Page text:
Finland’s support in Somalia strengthens maternal health during the coronavirus crisis
Finland will allocate EUR 3 million to the UN Population Fund UNFPA to safeguard sexual and reproductive health and rights in Somalia.
In recent months, the coronavirus situation has been the main focus of health care systems around the world. However, the pandemic has not eliminated the need for other health services and it has in fact exacerbated the situation for women and girls in the poorest countries.
“As with most crises, this pandemic has severely disrupted access to life-saving sexual and reproductive health services and hampered efforts to respond to gender-based violence, at a time when women and girls need these services most,” says Anders Thomsen, UNFPA’s Country Representative in Somalia.
Sexual and reproductive health includes, for example, services related to maternal health, contraception and family planning. UNFPA, which promotes availability to these services worldwide, is one of Finland’s most important UN partners. In Somalia, the organisation has, for example, trained midwives with the support of Finland.
“In these times of crisis, we want to intensify our efforts, together with UNFPA and the government, to reduce maternal and neonatal mortality and morbidity in Somalia,” says Erik Lundberg, Finland’s Ambassador to Somalia.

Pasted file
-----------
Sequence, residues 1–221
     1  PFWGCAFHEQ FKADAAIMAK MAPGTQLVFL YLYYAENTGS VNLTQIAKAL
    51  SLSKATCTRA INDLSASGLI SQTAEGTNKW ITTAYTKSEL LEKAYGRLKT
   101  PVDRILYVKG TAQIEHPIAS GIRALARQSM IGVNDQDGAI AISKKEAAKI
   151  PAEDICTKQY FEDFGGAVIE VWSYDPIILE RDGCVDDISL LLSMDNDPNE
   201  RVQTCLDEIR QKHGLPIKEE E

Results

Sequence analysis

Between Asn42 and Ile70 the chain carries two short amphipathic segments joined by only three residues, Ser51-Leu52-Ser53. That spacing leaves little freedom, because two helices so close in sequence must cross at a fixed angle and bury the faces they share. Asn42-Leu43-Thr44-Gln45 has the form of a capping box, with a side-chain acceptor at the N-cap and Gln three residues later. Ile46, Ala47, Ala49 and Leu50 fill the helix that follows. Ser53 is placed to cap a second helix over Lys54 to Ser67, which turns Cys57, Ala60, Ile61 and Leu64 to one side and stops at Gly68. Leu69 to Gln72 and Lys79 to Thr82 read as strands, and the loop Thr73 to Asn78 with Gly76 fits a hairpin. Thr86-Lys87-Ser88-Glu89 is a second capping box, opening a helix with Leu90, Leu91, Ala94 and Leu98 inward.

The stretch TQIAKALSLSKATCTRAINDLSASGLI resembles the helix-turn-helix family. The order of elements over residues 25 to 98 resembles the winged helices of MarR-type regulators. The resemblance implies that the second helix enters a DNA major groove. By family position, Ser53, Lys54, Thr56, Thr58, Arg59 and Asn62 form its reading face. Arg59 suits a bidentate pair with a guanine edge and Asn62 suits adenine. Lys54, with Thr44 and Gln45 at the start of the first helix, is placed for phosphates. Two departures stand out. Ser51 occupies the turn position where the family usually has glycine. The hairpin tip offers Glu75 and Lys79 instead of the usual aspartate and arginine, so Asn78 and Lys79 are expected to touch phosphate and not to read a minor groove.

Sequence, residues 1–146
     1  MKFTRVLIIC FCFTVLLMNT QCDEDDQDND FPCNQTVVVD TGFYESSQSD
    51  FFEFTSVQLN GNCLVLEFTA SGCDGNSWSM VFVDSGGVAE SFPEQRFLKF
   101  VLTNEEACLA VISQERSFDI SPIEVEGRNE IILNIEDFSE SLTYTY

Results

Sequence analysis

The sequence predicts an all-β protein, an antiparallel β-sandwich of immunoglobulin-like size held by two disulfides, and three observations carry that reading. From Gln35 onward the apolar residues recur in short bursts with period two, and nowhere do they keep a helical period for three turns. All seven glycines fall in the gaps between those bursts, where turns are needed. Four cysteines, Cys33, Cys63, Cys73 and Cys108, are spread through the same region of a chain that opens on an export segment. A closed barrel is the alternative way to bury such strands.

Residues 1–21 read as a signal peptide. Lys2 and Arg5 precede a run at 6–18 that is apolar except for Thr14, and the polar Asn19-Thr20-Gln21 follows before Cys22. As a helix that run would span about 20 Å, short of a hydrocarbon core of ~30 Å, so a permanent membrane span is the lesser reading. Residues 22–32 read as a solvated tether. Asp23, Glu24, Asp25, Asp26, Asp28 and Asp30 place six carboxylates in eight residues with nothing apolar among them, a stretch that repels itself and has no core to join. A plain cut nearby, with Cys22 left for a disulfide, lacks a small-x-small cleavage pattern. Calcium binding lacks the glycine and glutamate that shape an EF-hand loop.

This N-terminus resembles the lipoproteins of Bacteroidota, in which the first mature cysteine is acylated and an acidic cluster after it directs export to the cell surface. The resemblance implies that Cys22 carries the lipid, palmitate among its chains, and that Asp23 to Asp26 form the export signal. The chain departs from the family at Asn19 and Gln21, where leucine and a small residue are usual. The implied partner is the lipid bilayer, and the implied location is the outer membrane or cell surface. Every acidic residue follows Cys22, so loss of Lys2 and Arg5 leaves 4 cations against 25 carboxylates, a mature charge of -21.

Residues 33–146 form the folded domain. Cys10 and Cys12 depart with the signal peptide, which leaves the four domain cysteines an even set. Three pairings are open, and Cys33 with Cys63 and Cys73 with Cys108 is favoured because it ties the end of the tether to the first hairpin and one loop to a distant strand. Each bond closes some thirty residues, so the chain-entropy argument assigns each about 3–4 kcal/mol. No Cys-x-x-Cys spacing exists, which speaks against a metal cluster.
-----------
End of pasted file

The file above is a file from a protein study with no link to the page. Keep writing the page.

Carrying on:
Long cooperation in the health sector
The funding now granted will increase Finland’s total contribution to UNFPA in Somalia to EUR 6 million in 2020.
UNFPA’s country programme will receive EUR 2 million of the additional funding while EUR 1 million will be channelled to UNFPA’s coronavirus response measures. The funding will ensure the continuity of maternal health services in internally displaced persons settlements, for example. It will also be used to procure protective equipment and to strengthen national capacity for coronavirus testing.
Somalia is Finland’s long-term partner country for development cooperation. In addition to UNFPA, Finland has cooperated with the International Organisation for Migration (IOM) in the health sector. For instance, the maternity and childbirth wards at Hargeisa hospital have saved lives of newborn babies, with the mortality rate of children falling from 24% in 2014 to 5% in 2017. Over 700 health workers were trained with Finnish support during the same period.